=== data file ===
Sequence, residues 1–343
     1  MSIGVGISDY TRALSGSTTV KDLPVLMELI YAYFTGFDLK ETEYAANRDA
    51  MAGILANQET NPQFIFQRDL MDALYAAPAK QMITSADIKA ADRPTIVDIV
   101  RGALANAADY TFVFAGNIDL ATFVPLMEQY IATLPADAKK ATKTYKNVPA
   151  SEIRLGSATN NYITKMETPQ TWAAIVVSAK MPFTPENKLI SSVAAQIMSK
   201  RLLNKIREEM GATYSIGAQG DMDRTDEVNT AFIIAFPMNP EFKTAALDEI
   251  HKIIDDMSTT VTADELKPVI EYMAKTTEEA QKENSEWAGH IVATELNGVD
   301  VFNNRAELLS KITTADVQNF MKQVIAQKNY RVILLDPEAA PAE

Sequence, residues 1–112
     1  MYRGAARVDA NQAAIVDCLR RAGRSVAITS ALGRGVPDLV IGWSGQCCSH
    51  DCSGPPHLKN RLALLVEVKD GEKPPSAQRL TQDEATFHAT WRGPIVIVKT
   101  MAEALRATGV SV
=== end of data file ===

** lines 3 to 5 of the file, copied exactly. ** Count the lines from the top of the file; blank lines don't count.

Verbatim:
    51  MAGILANQET NPQFIFQRDL MDALYAAPAK QMITSADIKA ADRPTIVDIV
   101  RGALANAADY TFVFAGNIDL ATFVPLMEQY IATLPADAKK ATKTYKNVPA
   151  SEIRLGSATN NYITKMETPQ TWAAIVVSAK MPFTPENKLI SSVAAQIMSK